I have a simple, but interesting question for you. I have to compute the RMS (root mean square or standard deviation) value of a time signal which represents in my case a velocity mesasurement over time, of course sampled an stored in a computer. In your opinion, does the sampling frequency have a strong impact on the RMS value or it is just the TOTAL number of samples that matters the most? Can you please, if possible, refer to some books where this topic is dealt with?

Thanks a lot, I'm looking forward to reading your answers.




1 Answer 1


If the sampling rate meets the nyquist criteria (sampling rate more than twice the highest frequency in the signal) then it won't be a factor in the accuracy of the RMS value.

Since you are measuring velocities the nyquist criteria could be a problem if you don't know the frequencies involved. The frequencies would be related to the acceleration - higher acceleration means higher frequencies. I don't know how to tell you to determine the needed sampling rate give the expected acceleration.

If you can't determine the highest frequency (or are limited in your sampling frequency,) then you might run your sampling at the highest available rate, but filter the analog signal with a lowpass with a cutoff frequency lower than half of the sampling rate. This will avoid the problems that arise when sampling a fast signal with a too slow sampling rate, at the expense of throwing away information if the sampling rate really is too slow.

The number of samples only comes into it when trying to calculate the RMS value of a repeating signal, line a sine wave. In that case you have to make sure to get a least one full cycle of the lowest frequency. More could help make up for inaccuracies in the measurement or reduce some of the noise. In this case, the longer sampling period averages out any measurement errors and noise.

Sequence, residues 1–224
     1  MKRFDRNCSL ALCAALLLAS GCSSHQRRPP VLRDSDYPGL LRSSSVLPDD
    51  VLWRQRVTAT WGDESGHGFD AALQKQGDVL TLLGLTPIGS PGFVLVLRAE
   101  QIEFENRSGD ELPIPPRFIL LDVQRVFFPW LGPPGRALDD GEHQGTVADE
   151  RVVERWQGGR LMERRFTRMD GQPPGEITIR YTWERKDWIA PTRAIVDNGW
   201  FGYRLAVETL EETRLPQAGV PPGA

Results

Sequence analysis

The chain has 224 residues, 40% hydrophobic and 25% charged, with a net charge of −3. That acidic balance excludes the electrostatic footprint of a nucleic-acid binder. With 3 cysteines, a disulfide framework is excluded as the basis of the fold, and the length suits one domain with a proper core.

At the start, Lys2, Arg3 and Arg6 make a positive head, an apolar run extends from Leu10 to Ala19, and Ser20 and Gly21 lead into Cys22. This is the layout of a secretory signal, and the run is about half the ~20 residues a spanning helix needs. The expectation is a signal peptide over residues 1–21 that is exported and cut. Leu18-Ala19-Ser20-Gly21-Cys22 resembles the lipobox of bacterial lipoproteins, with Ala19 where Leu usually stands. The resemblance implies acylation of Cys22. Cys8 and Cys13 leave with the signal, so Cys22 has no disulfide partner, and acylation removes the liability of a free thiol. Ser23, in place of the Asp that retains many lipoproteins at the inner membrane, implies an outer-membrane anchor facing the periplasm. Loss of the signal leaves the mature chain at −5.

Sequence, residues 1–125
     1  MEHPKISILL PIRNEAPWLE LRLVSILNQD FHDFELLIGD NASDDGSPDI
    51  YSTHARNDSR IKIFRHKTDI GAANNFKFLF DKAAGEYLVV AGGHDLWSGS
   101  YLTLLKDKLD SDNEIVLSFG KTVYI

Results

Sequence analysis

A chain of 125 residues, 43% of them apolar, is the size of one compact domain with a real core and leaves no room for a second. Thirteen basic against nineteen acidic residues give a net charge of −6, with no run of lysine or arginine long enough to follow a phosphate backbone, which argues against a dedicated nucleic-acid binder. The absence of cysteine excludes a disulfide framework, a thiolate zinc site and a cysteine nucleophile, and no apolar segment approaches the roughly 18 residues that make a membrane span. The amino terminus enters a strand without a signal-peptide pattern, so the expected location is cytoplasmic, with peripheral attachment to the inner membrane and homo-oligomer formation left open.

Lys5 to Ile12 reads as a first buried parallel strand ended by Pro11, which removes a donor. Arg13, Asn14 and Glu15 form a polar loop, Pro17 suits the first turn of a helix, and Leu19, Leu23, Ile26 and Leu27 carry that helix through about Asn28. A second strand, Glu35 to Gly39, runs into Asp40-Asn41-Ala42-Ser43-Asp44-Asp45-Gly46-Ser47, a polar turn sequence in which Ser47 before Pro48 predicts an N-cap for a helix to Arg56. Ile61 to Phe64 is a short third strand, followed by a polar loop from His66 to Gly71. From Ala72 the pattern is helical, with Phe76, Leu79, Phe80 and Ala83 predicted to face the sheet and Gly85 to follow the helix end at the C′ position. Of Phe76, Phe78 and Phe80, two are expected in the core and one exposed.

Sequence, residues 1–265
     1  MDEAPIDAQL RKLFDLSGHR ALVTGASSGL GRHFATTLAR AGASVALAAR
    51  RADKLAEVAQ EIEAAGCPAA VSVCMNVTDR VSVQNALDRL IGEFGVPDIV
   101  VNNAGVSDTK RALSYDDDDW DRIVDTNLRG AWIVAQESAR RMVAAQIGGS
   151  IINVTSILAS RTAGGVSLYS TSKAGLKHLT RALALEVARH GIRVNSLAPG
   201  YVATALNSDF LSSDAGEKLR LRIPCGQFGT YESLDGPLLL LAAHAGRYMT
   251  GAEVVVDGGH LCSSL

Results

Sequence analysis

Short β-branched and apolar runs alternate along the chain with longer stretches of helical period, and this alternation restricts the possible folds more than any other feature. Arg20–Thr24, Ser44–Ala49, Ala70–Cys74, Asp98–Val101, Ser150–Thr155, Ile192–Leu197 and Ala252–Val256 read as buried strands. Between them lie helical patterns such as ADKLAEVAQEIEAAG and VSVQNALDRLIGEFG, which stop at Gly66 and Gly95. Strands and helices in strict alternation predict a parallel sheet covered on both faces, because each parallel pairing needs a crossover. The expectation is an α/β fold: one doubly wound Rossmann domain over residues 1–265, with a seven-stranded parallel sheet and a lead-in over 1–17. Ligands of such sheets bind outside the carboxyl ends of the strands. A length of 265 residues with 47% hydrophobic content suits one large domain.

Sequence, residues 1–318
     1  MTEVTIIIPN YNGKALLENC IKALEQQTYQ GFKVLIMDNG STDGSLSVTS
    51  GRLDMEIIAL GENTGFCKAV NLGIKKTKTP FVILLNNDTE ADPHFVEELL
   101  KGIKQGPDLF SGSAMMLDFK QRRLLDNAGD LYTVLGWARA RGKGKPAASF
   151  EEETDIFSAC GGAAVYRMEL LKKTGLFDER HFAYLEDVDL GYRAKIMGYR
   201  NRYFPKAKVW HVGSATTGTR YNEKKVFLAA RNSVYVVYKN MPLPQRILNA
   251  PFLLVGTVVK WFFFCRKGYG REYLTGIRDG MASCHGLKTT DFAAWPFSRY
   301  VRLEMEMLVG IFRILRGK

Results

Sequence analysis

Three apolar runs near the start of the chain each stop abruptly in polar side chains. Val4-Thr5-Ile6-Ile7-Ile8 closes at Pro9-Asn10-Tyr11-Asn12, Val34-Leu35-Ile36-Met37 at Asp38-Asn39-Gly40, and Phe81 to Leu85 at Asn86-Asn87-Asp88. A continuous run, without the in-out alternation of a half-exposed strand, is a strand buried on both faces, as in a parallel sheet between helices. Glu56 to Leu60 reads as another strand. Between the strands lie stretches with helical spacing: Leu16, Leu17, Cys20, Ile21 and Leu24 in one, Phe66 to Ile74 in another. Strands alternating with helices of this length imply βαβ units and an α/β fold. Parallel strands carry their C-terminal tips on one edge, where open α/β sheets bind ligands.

Summary: Make sure that your sampling is fast enough, that the samples are evenly spaced, and that you (obviously) have all the samples for the period of interest.

  • $\begingroup$ Thank you very much for you answer, what you said makes sense to me! $\endgroup$
    – EmThorns
    Commented Oct 28, 2014 at 19:59
  • $\begingroup$ I am currently looking into an issue in this area and the data so far, shows that RMS changes when resampling the signal. I use the RMS of an impulse response to scale the convolution signal produced and when the IR is resampled to longer SampleFrequency I get a lower than the regular RMS value. The opposite is also true - when I resample the IR to lower frequency, I get a larger RMS value. A working solution for me is to get RMS on the original SampleFrequency and then divide that with newFs/origFs. $\endgroup$ Commented Apr 30, 2017 at 15:59

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